A day in the life of a Soviet female miner (PHOTOS)

Women's team of miners of the Kirov mine, 1942

Women's team of miners of the Kirov mine, 1942

Archive of the prokopyevsky Museum of local lore
In today’s Russia, women are officially banned from working in coal mines. But things were different in the USSR, where more than 200,000 women worked as miners and produced three times the quota.

Before the 1917 Bolshevik Revolution, in many industries, women and children worked on an equal footing with men, albeit for less pay. There was one industry, however, where female labor was prohibited: coal mining.

After the revolution, the country needed more workers and so the restriction was lifted. Later, in 1931 and 1938, lists were drawn up of mines where women were allowed to work, including one in Kemerovo Region.

Kosogorova Maria Prohorovna - female-miner

With the beginning of the Great Patriotic War, any lists became irrelevant, replaced by the slogan: “A wife must take the place of her husband, son, father, brother.” Women joined men down the coal mines in large numbers and from July to December 1941, the number of women in the mines of the Kuznetsk Basin increased from 11,600 to 15,900, 2,600 of whom worked directly at the coalface, according to online newspaper ‘Literaturnaya Gazeta’.

“Women learned how to operate electric locomotives and motors and lifting machines, while also studying metalwork,” says Elena Stepanova, custodian of the Anzhero-Sudzhensk City Museum of Local Lore.

Workers of the Central mine, Shcheglovsk

“We installed lintels, wading waist-deep through water. Together with the coalface workers, we loaded coal into the wagons and even rolled them manually. Back at home, we had children and a small farmstead with a cow and vegetable garden,” recalled miner Fanaseya Chebanova.

In 1943, a directive was issued on the introduction of female labor into the coal industry, which proposed an entire plan to train women to work as coal miners with a view to replacing 80% of the men.

“The women were 20 years old, and I was 26. The jack hammer weighed 17 kg, the seam was three meters high. You had to keep the hammer suspended throughout the shift... The dust, the roar... We went to the surface with hands and feet completely numb. But our quotas were always overfulfilled,” recalled the head of one of the Kuznetsk Basin brigades, Alexandra Ladayun.

Women's team of miners of the Kirov mine, 1942

Some of the miners were under the age of 18. Maria Chukryakova, for example, started mining at 15.

“We were 15-16 years old, just kids. Imagine how exhausted we were. Only in April 1945 did we start to get four days off a month,” Chukryakova shares in her memories. “In order to smarten ourselves up somehow, we sold our ration of bread and with the proceeds bought white sacks at the market and made blouses and headscarves out of them.”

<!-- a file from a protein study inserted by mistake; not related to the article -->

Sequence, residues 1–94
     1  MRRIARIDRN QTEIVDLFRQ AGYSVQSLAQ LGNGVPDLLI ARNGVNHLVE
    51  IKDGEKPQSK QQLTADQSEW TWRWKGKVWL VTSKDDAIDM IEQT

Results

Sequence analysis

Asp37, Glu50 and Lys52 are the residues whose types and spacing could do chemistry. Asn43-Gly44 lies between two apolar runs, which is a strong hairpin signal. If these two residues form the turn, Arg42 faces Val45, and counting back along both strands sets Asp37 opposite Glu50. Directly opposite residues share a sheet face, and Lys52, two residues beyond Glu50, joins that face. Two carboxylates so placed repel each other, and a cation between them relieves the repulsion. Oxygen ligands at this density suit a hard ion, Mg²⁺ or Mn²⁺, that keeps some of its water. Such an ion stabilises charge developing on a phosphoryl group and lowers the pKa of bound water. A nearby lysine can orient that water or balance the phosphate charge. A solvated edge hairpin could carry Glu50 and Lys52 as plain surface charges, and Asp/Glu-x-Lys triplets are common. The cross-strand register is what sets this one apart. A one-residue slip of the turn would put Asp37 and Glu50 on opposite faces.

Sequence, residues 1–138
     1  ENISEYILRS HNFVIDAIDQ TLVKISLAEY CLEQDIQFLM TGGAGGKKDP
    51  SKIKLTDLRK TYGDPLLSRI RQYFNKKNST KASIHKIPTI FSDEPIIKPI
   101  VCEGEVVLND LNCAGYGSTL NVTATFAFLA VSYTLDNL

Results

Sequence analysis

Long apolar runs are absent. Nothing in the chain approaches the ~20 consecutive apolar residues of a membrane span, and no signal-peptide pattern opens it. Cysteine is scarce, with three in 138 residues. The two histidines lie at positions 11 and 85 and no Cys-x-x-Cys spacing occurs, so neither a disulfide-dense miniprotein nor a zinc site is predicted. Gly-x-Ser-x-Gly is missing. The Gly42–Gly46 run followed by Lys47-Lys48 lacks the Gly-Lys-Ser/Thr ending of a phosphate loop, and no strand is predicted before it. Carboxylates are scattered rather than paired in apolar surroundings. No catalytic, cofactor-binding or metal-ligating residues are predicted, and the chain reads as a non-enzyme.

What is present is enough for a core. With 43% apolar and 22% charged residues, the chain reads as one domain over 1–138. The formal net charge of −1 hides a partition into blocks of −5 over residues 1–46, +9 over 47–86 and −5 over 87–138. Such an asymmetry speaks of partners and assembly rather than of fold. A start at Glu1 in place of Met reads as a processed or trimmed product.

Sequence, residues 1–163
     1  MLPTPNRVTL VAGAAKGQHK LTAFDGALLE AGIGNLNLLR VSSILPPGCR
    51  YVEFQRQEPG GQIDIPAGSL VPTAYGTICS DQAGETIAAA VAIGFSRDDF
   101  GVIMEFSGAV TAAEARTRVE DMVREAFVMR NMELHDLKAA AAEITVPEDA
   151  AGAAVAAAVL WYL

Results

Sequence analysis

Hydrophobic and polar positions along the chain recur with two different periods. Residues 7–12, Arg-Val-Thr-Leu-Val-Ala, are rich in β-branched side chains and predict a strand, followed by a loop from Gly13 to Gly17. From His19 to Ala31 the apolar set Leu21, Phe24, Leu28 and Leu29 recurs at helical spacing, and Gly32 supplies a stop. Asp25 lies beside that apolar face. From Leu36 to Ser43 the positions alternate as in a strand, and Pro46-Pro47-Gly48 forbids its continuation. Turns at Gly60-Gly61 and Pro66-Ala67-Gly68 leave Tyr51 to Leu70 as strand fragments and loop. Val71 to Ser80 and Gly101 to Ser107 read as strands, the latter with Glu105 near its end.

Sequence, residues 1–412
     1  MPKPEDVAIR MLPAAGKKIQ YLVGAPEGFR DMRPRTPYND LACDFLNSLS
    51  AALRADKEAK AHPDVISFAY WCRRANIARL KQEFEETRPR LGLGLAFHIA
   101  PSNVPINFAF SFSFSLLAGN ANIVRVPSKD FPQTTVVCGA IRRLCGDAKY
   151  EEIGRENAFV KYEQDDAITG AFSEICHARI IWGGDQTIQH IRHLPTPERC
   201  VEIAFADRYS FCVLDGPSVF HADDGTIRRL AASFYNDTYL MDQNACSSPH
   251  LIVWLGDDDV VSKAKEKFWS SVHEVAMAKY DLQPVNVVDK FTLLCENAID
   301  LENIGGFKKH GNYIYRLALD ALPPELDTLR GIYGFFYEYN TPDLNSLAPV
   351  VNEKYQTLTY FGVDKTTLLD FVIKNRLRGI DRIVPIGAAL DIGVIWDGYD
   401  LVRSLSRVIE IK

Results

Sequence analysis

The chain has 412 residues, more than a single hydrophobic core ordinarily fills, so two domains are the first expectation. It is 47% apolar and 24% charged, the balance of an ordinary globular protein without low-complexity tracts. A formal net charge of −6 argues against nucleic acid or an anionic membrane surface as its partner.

One of the first female coalface workers was Alexandra Leonova. A former saleswoman, she found the training tough, yet fulfilled her quota by 349 percent.

“For the first weeks, the newly-fledged hauler’s arms and legs felt like lead and her back ached unbearably. And at night, she dreamed only about the coal wagons that she endlessly rolled up for loading and just as quickly rolled away from the hatch. The days were bitter. There was a war on,” Leonova was remembered as a heroine in the newspaper Komsomolets Kuzbassa in March 1975.

Alexandra Leonova

Her photograph was printed in the papers and men all across the frontline wrote letters of gratitude to her. Later she was awarded the ‘For Distinguished Labor’ medal and the ‘High Achiever of Socialist Competition’ badge.

Some women died in the mines. For example, on February 16, 1944, a gas explosion at the Novokuznetsk mine killed 120 miners, including 21 women, according to the website of the local Museum of Glory to Miners.

Workers at the Gorlovka mine

Women were allowed to work in the coal industry until 1957, when a decree was issued replacing female labor with male labor. Nevertheless, women continued to work in this backbreaking job until 1966, according to the newspaper ‘Ugol Kuzbassa’.

Sorting coal on a conveyor at the advanced mine

In total, more than 200,000 women worked in the coal industry and, until 1950, they exceeded the number of men down the mines.

In the words of one wartime journalist: “In an incomprehensible way, the fragile, slender shoulders of women propped up the coal industry for a decade.”

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